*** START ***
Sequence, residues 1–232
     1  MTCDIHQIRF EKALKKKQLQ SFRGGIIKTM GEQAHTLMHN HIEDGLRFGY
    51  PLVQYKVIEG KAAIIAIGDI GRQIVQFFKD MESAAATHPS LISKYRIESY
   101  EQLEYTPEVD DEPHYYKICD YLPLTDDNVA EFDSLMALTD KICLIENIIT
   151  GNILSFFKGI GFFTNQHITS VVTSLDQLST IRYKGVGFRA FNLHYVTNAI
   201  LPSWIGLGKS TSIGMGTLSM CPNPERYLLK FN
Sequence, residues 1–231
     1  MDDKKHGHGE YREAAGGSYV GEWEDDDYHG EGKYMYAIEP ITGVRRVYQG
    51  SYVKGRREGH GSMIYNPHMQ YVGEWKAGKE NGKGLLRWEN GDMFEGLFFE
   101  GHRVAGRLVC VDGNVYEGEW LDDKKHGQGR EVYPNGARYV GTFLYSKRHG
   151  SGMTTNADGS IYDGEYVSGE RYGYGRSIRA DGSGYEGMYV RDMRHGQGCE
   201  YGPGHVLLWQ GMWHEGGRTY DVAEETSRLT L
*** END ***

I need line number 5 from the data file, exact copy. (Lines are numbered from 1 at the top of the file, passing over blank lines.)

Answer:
   151  GNILSFFKGI GFFTNQHITS VVTSLDQLST IRYKGVGFRA FNLHYVTNAI